Festival Vancouver 2008

Sara Davis Buechner, pianist
Wednesday, 6 August 2008 @ 5.30 pm • Christ Church Cathedral

Reviewer J H Stape

The performer's programme notes talk of this hour-long concert in the Festival Piano Passions series as "a musical party with friends" -- a gathering of composers known personally by her. She proved a perfect hostess, so much so that the audience, rare at this kind of intimate event, not only gave her a standing ovation but cries of "Encore" also rang out in the staid setting. This was a concert, indeed.

The opening three pieces -- the world première of Stephen Chatman's Mountain Spirit, Dorothy Chang's Elegy for Daisy (2004), and Ray Green's Festival Fugues (1949) -- were the more "serious" fare.

The last two, eight pieces from Joaquín Nin-Culmell's Danzas Cubanas (1985) and Four Foxtrots, arrangements by Ms Buechner of Gershwin and two other Tin Pan Alley composers, Jesse Greer and Dana Suesse, were a no-holds-barred close.

Chatman's Mountain Spirit, inspired by a Lawren Harris painting, was a riff on mountain power, not mountain glory or mountain prettiness, with force and latent violence to the fore, as a tranquil misty opening quickly built to forte and remained there. Dorothy Chang's brief introspective elegy was an intense study in quiet wistfulness, flecked with a sorrow that had been understood and tamed.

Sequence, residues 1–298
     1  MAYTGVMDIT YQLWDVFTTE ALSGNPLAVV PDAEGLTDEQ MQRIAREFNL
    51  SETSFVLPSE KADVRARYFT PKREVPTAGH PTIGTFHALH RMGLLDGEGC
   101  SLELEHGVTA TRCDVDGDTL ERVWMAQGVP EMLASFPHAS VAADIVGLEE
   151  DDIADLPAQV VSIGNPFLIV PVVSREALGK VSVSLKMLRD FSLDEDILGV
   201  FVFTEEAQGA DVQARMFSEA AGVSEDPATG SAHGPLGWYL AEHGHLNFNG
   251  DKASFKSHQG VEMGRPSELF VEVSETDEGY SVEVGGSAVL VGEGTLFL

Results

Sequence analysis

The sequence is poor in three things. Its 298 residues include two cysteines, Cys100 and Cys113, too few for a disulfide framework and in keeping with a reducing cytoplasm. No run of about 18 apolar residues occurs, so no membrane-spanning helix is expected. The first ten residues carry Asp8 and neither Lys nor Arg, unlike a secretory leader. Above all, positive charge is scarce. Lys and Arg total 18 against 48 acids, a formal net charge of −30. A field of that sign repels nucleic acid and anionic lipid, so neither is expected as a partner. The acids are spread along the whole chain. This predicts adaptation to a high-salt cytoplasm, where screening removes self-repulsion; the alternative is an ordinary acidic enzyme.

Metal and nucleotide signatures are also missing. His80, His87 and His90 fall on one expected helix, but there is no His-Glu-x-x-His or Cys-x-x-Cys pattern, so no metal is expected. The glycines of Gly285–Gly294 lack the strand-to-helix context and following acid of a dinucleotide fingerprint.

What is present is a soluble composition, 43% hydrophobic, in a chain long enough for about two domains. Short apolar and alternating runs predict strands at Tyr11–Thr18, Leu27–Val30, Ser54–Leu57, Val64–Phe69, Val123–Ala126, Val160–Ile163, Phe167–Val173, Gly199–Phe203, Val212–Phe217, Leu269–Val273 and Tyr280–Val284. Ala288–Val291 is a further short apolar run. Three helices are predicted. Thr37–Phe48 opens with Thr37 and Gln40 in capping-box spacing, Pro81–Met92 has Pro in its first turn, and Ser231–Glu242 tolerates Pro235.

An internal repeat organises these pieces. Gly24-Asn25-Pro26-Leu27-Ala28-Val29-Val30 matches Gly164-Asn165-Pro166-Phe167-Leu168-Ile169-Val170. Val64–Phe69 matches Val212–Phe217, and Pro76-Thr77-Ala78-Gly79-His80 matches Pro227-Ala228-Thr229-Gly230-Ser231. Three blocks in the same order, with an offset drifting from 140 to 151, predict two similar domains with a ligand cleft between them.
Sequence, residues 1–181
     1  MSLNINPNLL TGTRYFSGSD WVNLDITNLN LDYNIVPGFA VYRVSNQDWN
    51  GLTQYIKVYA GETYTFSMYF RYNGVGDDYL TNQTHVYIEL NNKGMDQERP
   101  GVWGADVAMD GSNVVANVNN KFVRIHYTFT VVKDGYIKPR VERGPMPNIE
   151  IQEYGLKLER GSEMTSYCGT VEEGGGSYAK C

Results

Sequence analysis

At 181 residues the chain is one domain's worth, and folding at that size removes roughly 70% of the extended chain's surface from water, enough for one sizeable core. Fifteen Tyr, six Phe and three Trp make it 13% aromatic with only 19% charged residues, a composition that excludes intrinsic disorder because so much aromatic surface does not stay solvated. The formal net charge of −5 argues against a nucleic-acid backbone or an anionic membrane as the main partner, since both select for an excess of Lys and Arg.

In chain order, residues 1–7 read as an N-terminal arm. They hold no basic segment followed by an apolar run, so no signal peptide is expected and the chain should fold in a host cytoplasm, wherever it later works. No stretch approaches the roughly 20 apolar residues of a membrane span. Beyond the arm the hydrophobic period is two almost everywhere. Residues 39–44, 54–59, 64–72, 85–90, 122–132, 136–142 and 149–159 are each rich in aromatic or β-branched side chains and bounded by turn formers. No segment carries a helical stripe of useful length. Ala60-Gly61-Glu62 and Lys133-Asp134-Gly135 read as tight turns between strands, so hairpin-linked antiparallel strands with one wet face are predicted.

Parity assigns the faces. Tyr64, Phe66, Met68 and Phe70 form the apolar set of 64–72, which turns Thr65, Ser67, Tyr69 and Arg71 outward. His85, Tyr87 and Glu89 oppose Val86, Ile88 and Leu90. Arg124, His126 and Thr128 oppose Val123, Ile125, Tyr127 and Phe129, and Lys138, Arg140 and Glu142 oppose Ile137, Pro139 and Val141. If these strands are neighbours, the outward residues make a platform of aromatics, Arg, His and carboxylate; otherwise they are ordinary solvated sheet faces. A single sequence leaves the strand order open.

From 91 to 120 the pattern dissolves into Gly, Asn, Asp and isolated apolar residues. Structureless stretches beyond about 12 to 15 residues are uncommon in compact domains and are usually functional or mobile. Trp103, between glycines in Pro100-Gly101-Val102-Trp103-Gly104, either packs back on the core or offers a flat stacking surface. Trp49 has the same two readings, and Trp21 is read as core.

The five short pieces making up Ray Green's Festival Fugues were an excursion into counterpoint in the modern idiom, running from a boldly witty and technically daunting Prelude to a "Jubilant Fugue" that was a jokey, sassy tribute to popular sources, with Gershwinsque rumblings.

The exquisite Danzas by Nin-Culmell, all in minor keys, were all Latin colour: vibrancy jostling with gentle Spanish melancholy, the formal elements of several dance forms explored with sophistication and immense charm.

These were a good lead-in to the closing foxtrots, by turns jaunty and assured pieces that mixed popular with "high" culture, in transcriptions that were technically stunning, and played with panache. The snappy rhythms and dazzling pianism almost had the audience -- and there ought to have been a standing-room-only house for this consummate artist --dancing in the aisles.

And with reason, for the playing throughout was exquisite: diamond-sharp in attack, genial, technically flawless and imbued with an obvious love of the art being conjured. This was, quite simply, music-making at its most compelling.

And what can you say of a pianist who announces that an encore is "just the delay before the first martini." Her "delay," a generous gesture given the real workout she had just completed, was dedicated to Vancouver musical legend Dal Richards, present in the audience: Gershwin's "The Man I Love."

© 2008 J H Stape